Rosalie Spielman is a mother, veteran, and retired military spouse. She was thrilled to discover that she could make other people laugh with her writing and finds joy in giving people a humorous escape from the real world. She writes for the multi-author Aloha Lagoon mystery series and her own Hometown Mystery series. Learn more about Rosalie and her books at her website.
The Finished Quilt
The Decade Quilt
For many years, I strove to express my creativity through textiles, as in quilting, sewing, or yarn related crafts. I do pretty well with counted cross stitch, which appeals somehow to my need for order and precision. I've been taught crochet, knitting, quilting…but let's just say, there's a reason I'm a writer! With writing, I can envision a story and through some magic, make it come out in reasonably understandable form. I might get stuck in that messy middle for a while, but eventually, the story is complete. But creating an epic textile art? Mmm, no magic happening there. Case in point: the infamous Decade Quilt.
Around 1998, I visited my sister where she was stationed in Ohio. She had bought her first house, an older house with some antique wallpaper. After I returned home, I sought out vintage-style material that would go with the wallpaper and set to work.
I was at Fort Bliss, Texas at the time and had friends who were quilters. Under their instruction, I had learned to quilt. My friends were surprised to hear I wanted to do a full-sized bed quilt but were happy to give me advice.
I didn't have trouble piecing the quilt top. That's the fun part to me that appeals to my sense of order, like cross stitch does. Then I combined the quilt top with the batting and backing and set to hand quilting it.
Yes, hand quilting a full-sized quilt. By myself.
When I finished the top, I took one square and
made a pillow to show my sister what she had
in store. The cat was out of the bag…
It was slow going. So slow, that my husband's assignment was up, and it was time to move. Off we went to Germany. Three years later, we left Germany for Virginia, where my son was born. Then after a few years, we headed back to Fort Bliss, where I gave birth to my daughter and reconnected with my quilting friends. They were amused – and probably not surprised – to see that the quilt for my sister was still unfinished.
When we got orders to move on, I asked my friend to use her fancy quilting sewing machine to finish the quilting on the project for me. She said no, that I should finish it for it to mean more. I told her I was not going to move with it again, and if she wasn't willing to help me out, I would throw it out. I was not going to move that thing again!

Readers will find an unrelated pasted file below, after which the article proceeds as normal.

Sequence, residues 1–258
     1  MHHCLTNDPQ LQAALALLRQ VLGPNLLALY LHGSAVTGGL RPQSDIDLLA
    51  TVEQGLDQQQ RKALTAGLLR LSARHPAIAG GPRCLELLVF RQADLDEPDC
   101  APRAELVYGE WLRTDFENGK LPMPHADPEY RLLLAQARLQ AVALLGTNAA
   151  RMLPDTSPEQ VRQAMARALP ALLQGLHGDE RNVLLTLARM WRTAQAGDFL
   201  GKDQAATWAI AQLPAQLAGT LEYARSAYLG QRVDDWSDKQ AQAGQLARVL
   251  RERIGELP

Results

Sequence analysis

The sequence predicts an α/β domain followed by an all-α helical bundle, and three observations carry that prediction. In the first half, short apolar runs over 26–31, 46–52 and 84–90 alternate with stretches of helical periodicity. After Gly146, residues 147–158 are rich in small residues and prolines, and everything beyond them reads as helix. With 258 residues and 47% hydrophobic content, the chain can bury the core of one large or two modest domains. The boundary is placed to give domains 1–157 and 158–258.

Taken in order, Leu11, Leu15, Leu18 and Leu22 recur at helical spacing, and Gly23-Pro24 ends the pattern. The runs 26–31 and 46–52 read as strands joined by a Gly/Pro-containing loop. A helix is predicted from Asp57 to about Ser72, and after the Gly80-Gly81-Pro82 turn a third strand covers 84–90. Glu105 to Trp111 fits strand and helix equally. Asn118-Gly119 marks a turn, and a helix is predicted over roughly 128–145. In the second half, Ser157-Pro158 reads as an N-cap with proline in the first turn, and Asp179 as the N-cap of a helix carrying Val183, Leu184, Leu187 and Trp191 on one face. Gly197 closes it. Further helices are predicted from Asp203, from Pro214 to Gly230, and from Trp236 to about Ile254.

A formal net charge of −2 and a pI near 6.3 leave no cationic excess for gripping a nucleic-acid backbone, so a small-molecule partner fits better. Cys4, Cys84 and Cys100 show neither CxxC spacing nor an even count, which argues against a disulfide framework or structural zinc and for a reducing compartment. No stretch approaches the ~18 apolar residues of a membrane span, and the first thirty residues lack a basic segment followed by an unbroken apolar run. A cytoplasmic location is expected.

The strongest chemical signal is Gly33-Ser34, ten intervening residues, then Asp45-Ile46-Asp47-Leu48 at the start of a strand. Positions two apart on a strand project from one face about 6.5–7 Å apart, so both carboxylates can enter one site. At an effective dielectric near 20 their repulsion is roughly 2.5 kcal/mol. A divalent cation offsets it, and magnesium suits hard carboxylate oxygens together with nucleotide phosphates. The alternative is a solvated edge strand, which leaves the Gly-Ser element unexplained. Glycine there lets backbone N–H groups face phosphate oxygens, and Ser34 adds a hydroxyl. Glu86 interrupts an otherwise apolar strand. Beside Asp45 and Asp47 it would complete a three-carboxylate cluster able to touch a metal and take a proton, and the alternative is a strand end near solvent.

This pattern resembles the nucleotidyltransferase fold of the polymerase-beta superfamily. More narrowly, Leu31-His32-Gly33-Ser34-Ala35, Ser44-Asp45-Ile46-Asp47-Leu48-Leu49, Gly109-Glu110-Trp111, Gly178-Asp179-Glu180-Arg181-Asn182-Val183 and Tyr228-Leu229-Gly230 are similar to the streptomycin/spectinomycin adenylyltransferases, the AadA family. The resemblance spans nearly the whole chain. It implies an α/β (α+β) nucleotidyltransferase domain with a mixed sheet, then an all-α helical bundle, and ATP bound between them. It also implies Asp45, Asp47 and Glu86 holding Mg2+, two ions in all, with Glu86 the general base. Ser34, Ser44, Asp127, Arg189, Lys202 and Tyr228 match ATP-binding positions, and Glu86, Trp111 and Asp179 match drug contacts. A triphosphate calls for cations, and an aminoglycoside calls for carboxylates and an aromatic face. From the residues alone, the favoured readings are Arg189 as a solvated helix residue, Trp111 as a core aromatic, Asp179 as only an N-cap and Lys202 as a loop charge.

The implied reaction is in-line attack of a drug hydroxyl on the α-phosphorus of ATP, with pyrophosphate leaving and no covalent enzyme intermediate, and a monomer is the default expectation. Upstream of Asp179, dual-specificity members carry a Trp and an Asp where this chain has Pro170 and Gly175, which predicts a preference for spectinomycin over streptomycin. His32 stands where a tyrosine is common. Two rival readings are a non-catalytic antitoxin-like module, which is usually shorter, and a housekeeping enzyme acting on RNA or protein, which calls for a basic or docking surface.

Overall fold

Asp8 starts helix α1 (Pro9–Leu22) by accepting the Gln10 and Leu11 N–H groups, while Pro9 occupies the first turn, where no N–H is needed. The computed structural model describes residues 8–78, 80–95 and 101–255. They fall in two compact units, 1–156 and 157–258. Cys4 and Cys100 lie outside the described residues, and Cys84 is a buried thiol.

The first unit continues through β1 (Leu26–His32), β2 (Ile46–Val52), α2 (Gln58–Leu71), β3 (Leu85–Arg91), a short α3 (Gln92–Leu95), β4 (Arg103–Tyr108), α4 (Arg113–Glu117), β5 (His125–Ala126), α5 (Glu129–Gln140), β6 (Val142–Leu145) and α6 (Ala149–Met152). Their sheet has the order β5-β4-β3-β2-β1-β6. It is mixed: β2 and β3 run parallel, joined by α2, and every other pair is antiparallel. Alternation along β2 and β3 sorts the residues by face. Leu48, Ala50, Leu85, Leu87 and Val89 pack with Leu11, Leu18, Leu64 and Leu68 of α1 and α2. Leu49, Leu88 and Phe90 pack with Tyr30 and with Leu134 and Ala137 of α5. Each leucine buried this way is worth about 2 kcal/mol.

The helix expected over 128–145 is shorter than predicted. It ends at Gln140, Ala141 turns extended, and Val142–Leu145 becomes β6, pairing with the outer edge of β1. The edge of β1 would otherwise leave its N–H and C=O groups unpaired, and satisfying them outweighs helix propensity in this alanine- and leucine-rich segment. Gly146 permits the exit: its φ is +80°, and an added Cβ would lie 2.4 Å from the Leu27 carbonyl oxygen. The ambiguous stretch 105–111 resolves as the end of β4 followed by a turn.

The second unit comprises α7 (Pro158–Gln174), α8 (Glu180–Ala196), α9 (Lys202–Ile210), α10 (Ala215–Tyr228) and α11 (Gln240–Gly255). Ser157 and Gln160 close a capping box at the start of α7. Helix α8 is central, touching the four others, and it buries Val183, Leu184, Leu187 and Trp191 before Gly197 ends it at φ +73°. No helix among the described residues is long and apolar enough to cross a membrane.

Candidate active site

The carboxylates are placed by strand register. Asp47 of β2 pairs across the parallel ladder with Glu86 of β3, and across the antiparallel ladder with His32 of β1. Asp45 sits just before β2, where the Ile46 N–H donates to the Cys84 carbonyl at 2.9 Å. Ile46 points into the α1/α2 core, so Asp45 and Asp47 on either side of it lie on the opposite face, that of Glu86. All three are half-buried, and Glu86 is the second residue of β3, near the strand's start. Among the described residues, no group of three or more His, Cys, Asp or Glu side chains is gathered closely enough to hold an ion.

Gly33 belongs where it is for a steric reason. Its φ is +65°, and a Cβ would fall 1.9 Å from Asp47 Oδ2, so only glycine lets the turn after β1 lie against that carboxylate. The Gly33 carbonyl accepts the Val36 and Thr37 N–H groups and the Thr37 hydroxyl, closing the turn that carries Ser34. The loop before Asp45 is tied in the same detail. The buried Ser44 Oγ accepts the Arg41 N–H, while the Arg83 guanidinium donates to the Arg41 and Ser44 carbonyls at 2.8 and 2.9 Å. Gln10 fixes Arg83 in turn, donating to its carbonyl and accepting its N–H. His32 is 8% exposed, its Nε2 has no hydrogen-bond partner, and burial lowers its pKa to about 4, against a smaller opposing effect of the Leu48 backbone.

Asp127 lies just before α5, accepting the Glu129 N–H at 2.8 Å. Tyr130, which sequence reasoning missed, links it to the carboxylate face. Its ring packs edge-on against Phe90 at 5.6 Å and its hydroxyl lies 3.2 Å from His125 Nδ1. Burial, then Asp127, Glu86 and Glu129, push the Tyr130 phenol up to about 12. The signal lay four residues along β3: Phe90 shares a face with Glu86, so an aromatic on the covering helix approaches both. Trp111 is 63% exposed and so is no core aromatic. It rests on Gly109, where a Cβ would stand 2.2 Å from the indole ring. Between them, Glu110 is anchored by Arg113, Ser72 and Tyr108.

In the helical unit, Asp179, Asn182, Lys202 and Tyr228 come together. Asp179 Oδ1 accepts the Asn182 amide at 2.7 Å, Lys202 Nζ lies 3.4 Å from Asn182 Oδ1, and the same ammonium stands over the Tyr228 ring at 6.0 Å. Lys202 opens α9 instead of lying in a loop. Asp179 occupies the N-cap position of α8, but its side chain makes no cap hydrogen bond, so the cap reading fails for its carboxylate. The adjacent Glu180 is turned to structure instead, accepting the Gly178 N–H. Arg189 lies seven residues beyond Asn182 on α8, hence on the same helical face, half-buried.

So, finally, in 2008, after my friend finished quilting it with her machine, I finally gifted my sister her Decade Quilt, which in no way matched the walls of her current house, or any houses she had lived in since that one with the crazy classic wallpaper.
She's used it on her bed ever since (at least when I visit) even though she has other quilts. Like her quilt from the Quilts of Valor foundation. Along with my husband, father, sister, and brother, I was presented a quilt in 2018. Quilts of Valor is an organization that creates and gifts quilts to veterans. I included a scene in my newest Hometown Mystery, Murder Comes Home, where my main character Tessa Treslow, her best friend Deputy "Freddie" Frederickson, and boyfriend Nick Hunt, are all presented with Quilts of Honor at the New Oslo Veterans Day ceremony.
I have been tempted to give back to the foundation by creating a quilt for another veteran. But I think they'd want it in less than ten years…
Readers, do you have an unfinished project out there, haunting you?
Murder Comes Home
A Hometown Mystery, Book 3
Army retiree Tessa Treslow is as excited as the other residents of New Oslo, Idaho, when the cast and crew of the TV show Picks with Ricks comes to town! Tessa and her Aunt Edna put their car restoration business on hold to let the celebrity antique hunters pick through their old garage, hoping the trash contains a treasure that will help fund their new business. But it turns out that the pickers come with TV cameras, likeable stars, a stressed-out producer—and a murderer!
The show’s lead makes an insistent offer on one of Aunt Edna’s renovation projects and won’t take no for an answer. And when Tessa finds the show's cameraman dead in the restored 1965 Mustang, Tessa knows murder has come home yet again. And the mystery takes a very personal turn when the dead man is found with an antique inscribed pocket watch connected to the former owners of Aunt Edna's farmhouse. As Tessa digs into the history surrounding the pocket watch and the relationships of the TV crew, shocking details—both old and new—arise. Will Tessa be able to catch a killer...before they return for a repeat performance?
Preorder (available 11/7/23)
Gemma Halliday Publishing is donating a portion of the presales of Murder Come Home to Disabled American Veterans (DAV).